Argentina is expected to seal a deal on Monday to renationalise Aerolineas Argentinas, its floundering flag carrier, whose Spanish owner, Marsans, has struggled to cope with soaring fuel bills and debts that have left more than half its fleet grounded.
The airline has spent nearly two decades under Spanish ownership. But the government and Marsans agreed on the sale last week, and it is expected to be finalised on Monday by Julio De Vido, the planning minister, and the outgoing owners.
The government will also send a bill to congress on Monday seeking approval for the buy-back.
Financial details are to be hammered out during a 60-day transition period, during which the carrier will be run by Julio Alak, formerly a representative for the state, which previously held 5 per cent.
Argentina sold Aerolineas to Iberia, the Spanish flag carrier, in 1991, and Marsans took over in 2001. However, unions and the government complain that financial promises were not kept.
By the end of May, the airline’s debt stood at $890m (€561m, £445m), and Cristina Fernández, Argentina’s president, has grumbled about the “deterioration of a service that has stopped providing a service”. Marsans has not commented.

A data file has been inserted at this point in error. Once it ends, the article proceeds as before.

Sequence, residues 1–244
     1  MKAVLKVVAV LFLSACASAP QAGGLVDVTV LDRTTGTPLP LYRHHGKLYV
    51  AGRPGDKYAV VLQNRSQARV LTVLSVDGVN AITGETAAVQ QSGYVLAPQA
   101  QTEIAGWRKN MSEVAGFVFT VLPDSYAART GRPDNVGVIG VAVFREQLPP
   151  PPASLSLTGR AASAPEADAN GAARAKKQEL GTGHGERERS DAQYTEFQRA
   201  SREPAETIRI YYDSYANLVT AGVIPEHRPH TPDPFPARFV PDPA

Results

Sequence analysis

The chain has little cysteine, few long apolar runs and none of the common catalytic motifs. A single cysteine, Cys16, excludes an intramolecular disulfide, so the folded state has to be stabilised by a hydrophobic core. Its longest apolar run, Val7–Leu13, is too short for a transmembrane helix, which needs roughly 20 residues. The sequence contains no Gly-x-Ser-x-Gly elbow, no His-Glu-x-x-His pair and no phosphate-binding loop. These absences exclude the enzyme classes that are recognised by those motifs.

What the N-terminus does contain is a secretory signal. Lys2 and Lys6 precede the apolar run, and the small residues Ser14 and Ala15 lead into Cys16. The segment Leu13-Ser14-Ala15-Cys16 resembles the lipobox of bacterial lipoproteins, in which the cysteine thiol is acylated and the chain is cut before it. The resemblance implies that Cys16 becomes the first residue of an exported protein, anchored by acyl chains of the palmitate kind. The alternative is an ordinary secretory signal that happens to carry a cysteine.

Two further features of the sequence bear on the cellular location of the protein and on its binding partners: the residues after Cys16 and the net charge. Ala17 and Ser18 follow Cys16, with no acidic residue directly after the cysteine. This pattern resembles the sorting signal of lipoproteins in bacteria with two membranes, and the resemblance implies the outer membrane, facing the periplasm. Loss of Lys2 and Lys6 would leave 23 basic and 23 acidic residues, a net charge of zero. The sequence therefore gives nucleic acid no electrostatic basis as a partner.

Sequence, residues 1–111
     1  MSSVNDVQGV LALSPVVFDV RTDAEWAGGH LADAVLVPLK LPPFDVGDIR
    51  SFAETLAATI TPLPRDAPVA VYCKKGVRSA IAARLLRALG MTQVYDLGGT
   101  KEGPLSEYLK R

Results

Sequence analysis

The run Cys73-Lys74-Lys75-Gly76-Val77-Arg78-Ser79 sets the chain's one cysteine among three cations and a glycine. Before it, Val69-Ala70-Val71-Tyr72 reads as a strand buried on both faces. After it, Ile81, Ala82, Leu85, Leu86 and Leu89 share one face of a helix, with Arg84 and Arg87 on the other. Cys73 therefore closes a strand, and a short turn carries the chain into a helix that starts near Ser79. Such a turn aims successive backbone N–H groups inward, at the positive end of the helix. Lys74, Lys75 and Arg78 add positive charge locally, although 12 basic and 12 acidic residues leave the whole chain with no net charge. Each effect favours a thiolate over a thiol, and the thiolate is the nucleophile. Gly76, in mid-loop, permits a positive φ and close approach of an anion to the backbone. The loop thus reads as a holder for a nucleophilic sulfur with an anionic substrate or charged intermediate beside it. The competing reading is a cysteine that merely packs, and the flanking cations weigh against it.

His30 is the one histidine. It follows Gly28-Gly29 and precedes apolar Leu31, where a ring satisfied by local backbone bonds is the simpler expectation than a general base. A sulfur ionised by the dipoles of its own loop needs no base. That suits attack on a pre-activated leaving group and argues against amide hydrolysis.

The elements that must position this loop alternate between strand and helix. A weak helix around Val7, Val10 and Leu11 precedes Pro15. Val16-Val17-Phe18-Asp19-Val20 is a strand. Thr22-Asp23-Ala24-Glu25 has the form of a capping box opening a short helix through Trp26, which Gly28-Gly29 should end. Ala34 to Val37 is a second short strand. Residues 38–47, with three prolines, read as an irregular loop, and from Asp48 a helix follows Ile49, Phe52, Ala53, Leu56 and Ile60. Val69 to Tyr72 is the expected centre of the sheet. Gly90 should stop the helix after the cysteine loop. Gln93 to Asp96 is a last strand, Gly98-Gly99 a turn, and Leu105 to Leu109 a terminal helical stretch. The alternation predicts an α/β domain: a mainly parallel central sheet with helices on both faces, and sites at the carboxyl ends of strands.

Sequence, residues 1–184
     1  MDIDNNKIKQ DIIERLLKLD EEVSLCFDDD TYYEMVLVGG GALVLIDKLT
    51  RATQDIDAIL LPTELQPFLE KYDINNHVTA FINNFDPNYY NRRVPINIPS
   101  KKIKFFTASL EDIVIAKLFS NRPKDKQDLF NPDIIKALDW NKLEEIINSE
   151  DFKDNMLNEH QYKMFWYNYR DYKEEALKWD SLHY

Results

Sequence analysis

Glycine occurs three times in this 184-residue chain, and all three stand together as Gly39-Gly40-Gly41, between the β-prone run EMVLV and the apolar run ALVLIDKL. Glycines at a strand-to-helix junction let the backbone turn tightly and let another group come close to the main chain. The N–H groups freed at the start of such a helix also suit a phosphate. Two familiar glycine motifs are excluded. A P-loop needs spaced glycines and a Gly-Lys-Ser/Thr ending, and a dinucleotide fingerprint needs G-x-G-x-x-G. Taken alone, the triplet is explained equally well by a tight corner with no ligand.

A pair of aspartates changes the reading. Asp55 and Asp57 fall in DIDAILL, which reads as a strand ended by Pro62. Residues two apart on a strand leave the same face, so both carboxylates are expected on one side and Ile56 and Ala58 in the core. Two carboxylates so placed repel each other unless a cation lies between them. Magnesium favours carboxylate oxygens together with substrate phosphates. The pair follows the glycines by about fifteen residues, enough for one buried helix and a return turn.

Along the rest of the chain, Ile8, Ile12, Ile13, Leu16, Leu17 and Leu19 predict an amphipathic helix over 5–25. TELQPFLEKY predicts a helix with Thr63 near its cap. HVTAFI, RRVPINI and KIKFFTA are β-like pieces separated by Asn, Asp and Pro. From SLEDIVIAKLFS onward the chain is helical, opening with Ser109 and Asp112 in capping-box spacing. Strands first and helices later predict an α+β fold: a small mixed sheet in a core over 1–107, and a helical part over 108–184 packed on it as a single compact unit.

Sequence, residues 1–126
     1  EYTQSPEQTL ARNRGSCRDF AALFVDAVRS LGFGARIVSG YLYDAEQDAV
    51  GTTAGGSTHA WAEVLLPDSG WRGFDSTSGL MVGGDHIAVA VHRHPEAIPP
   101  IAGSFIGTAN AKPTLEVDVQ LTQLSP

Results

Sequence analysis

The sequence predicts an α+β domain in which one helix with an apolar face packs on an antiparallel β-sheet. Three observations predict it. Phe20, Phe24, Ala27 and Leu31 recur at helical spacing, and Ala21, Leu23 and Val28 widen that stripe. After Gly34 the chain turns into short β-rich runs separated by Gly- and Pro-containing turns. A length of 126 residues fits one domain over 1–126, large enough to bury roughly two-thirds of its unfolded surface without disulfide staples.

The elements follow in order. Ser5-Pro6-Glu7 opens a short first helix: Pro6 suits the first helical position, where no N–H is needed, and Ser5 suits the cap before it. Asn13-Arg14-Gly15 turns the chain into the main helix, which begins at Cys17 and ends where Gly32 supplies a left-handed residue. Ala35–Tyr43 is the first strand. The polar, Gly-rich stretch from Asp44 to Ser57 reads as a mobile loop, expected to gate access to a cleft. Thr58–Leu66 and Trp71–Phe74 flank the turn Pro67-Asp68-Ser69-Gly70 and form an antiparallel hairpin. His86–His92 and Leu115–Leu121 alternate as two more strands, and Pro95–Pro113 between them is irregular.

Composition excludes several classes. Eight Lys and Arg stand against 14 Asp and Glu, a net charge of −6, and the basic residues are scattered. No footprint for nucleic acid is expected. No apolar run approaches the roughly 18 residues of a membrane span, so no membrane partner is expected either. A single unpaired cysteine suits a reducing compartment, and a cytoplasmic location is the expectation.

Jorge Pérez Tamayo, president of the Argentine pilots’ union, says Aerolineas is losing up to $1.5m a day. It is also, he says, $60m in arrears on fuel payments, while 60 per cent of its 57 airliners are grounded for lack of parts.
The result is that industry experts say Argentina will face a tough battle in turning round the state carrier’s fortunes. “It’s going to be a lot more expensive than they think,” said the president of another airline operating in the region.
Despite two recent 18 per cent fare rises, rising jet fuel costs, together with government pressure to keep prices down and unprofitable routes operating, have eroded the airline’s margins.
Mr Pérez Tamayo estimated that the airline would need $150m immediately for maintenance and spare parts. “That’s without the $890m debt, plus salaries and fuel,” he said.
Aerolineas will become the seventh company to return to the state stable under the stewardship of Ms Fernández and her influential husband and presidential predecessor, Néstor Kirchner.
The procession of re-nationalisations has opened the government to criticism that it is not doing enough to find other private-sector buyers for ailing businesses. Dante Sica, a former industry secretary, said: “The government should be opening the market much more to allow in more players. There’s no guarantee that, in state hands, things will go better.”